Debunking the Myths: the facts about Cotinine

by Betsy Sears on November 12, 2012

According to the Foundation for a Smokefree America, smoking is the single most preventable cause of death and disease causing more fatalities than cocaine, auto accidents, AIDS, alcohol, heroin, fire, suicide and homicide combined. In honor of the Great American Smokeout being held on November 15th, we want to focus our attention for the next few weeks on smoking and how this habit affects an applicant’s overall health, as well as placement rates when applying for life insurance.

The Relationship between Nicotine and Cotinine

Cigarettes are made up of tar, carbon monoxide, acetaldehyde, nitrosamines, nicotine and 4,000 different carcinogenic chemicals. Nicotine, a highly abused, highly toxic alkaloid found in tobacco products such as cigars, cigarettes and chewing tobacco is metabolized into cotinine by the liver, which is then excreted in the urine. When an applicant applies for life insurance and provides a urine sample, that sample is tested for cotinine at the laboratory. If the cotinine result comes back positive, the applicant will be rated as a smoker during the underwriting process and receive a much higher premium than a non-smoker.

In general, cotinine can probably be detected between a few days and a week after smoking cessation. The concentration of cotinine in an applicant’s body is dependent upon several variables including:

  • Low vs. high nicotine cigarettes
  • Time of last tobacco use
  • Amount of tobacco used
  • Hydration level of applicant
  • Individual metabolic differences

At ExamOne, we utilize a very targeted immunoassay to test for the presence of cotinine. This highly customized reagent eliminates the need to complete a cotinine confirmation test.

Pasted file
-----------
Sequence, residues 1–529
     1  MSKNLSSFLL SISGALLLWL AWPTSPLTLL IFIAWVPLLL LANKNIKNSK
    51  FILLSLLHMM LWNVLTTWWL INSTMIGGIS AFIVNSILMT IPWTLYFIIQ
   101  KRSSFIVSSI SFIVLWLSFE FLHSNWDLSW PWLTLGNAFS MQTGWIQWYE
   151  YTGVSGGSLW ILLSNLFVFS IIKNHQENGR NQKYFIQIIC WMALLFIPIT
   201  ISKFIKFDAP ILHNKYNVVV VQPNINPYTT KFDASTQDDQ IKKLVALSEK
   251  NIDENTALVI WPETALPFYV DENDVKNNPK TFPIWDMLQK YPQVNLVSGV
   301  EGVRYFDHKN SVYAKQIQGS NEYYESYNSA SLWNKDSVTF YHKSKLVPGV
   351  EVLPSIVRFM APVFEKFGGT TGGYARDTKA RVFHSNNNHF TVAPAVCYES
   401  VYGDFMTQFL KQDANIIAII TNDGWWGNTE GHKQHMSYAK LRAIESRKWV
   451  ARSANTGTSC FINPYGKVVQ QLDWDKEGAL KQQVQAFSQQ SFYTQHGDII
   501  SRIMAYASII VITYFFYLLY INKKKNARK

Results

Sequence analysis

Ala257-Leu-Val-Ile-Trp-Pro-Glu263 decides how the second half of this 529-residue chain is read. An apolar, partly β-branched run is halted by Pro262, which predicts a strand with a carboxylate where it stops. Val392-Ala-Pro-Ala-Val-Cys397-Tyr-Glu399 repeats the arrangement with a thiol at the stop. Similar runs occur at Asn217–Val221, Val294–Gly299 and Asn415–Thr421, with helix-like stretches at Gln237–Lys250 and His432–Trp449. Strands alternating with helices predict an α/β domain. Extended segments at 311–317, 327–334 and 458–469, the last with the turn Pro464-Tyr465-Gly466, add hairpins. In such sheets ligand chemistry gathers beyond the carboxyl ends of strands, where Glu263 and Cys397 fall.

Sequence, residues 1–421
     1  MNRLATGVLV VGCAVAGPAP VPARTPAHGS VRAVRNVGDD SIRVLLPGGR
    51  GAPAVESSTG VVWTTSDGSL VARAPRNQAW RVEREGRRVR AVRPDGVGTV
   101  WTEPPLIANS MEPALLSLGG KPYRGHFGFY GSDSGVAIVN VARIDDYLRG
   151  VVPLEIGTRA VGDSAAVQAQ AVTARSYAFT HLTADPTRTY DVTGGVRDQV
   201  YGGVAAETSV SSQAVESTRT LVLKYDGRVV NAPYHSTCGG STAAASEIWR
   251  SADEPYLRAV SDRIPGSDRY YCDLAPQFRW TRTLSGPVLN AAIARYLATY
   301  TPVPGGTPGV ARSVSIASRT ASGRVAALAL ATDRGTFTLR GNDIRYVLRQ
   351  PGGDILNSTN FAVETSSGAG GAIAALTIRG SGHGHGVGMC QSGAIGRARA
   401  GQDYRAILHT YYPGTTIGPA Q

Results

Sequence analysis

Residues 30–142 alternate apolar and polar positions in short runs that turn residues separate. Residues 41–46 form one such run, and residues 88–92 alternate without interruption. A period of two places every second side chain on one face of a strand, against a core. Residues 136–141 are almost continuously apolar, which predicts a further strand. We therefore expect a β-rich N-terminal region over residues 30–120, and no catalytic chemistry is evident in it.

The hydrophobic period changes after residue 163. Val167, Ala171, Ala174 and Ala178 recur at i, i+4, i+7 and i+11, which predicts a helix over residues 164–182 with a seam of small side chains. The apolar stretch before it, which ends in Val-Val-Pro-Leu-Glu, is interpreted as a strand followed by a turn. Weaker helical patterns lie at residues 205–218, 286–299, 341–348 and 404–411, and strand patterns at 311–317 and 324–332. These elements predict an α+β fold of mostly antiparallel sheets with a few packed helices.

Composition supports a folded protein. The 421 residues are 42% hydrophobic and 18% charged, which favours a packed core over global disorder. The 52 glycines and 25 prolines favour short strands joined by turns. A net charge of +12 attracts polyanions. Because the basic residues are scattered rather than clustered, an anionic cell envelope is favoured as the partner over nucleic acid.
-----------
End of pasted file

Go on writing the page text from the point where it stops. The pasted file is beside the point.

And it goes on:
Cotinine Myths

As a life insurance agent, you may have had an applicant with a positive cotinine result tell you things like this:

“I’ve never had a cigarette before in my life”

“I wore my sister’s jacket and she is a smoker”

“I was at a concert/bar last night and everyone around me was smoking”

“I smoked one cigar to celebrate my new grandchild and I have never smoked before”

The truth is that those types of explanations do not generally hold true. Indulging in a rare cigar or being around people who smoke is most likely not going to result in a positive cotinine result. A positive cotinine test is usually the result of someone who smokes, chews tobacco or wears a nicotine patch.

What Can You Do?

The number one thing you can do for your applicants is try to educate them on the hazards of smoking and provide resources to help them quit. Quest Diagnostics, ExamOne’s parent company, has teamed up with the American Cancer Society on the Choose You initiative, providing resources and tools to help in smoking cessation. To find out more about what you can do to help your applicants quit and stay smoke free, visit the Choose You site.

In next week’s blog, we will focus on the nationwide trends and the increased costs that come with smoking.

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